Aspect Ratio

Film and folk

Examining the history of American music

Joel and Ethan Coen’s forthcoming feature Inside Llewyn Davis is set within the folk-music renaissance that bloomed in gloomy Greenwich Village nightspots in the early ’60s. “It was never new and it never gets old: it’s a folk song,” explains the film’s titular troubadour (Oscar Isaac), a singer/guitarist solo act, based loosely on Dave Van Ronk, who embodies the crepuscular, world-weary, lonesome wanderer persona of American folk, the polar opposite of the winsome, cheerful, harmony-driven ditties popularized by the likes of Peter, Paul & Mary. Accordingly, it is the moodier material from the folk canon, songs of farewell, regret and oblivion, that dominates Llewyn Davis and, by extension, Another Day, Another Time, a new film documenting a concert performed last September at New York’s Town Hall of music inspired by Llewyn Davis. It’s now available on Netflix.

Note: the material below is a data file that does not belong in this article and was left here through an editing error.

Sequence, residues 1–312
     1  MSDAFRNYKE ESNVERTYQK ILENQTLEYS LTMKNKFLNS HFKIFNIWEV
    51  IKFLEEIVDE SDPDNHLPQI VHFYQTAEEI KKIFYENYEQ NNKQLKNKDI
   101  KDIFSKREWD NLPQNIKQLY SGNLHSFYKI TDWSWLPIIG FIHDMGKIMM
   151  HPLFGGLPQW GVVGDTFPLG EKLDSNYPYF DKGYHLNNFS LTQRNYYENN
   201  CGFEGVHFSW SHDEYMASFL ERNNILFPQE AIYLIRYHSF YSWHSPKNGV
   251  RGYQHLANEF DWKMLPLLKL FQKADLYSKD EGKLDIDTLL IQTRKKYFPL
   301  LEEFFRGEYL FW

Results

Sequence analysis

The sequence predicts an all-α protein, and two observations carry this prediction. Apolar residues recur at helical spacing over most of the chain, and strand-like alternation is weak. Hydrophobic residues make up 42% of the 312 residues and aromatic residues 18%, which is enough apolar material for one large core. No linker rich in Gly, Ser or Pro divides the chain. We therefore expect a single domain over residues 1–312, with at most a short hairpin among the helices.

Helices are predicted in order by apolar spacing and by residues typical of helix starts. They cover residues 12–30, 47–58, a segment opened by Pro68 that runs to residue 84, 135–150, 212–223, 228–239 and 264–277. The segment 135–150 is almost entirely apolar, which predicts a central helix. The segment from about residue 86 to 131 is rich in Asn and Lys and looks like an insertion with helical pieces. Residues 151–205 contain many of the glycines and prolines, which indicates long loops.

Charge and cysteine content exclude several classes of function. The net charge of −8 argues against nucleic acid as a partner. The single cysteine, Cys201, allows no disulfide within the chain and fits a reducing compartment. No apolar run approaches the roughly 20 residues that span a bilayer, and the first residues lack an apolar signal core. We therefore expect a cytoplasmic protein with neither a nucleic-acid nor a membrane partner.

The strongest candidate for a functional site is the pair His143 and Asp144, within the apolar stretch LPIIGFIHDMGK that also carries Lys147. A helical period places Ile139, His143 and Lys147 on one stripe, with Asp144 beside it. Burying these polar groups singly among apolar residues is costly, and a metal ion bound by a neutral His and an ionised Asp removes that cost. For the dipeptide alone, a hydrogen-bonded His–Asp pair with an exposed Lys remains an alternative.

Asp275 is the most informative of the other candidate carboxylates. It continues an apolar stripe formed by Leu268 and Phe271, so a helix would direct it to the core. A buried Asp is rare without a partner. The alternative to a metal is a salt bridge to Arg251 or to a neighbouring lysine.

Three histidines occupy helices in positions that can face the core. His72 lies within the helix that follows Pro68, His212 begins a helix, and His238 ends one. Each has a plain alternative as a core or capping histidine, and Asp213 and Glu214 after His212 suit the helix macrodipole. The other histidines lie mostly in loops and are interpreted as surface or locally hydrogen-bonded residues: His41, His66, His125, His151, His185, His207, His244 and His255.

The music in Llewyn Davis and Another Day was overseen by roots music impresario T Bone Burnett, who had previously performed similar duties for the Coens’ Depression era period comedy O Brother, Where Art Thou? (2000), which helped to spearhead a commercial resurgence of interest in American folk—the soundtrack album has sold more than seven-million copies. The music in Llewyn Davis is, if anything, more fully integrated into the narrative than was that of O Brother, and thus it follows that the songs performed on Another Day feel unusually unified in theme and tone, despite the varied styles of the assembled performers, among them Isaac, Jack White, Joan Baez, Gillian Welch, Patti Smith and Marcus Mumford, who helped Burnett with the production. In keeping with the intimate nature of the music and the reverby allure of the all-acoustic arrangements, there are no pick-ups or pedals in sight in Another Day. Everything is performed before a minimal number of microphones, forcing the musicians to listen carefully and huddle close as though sharing the warmth of a small campfire.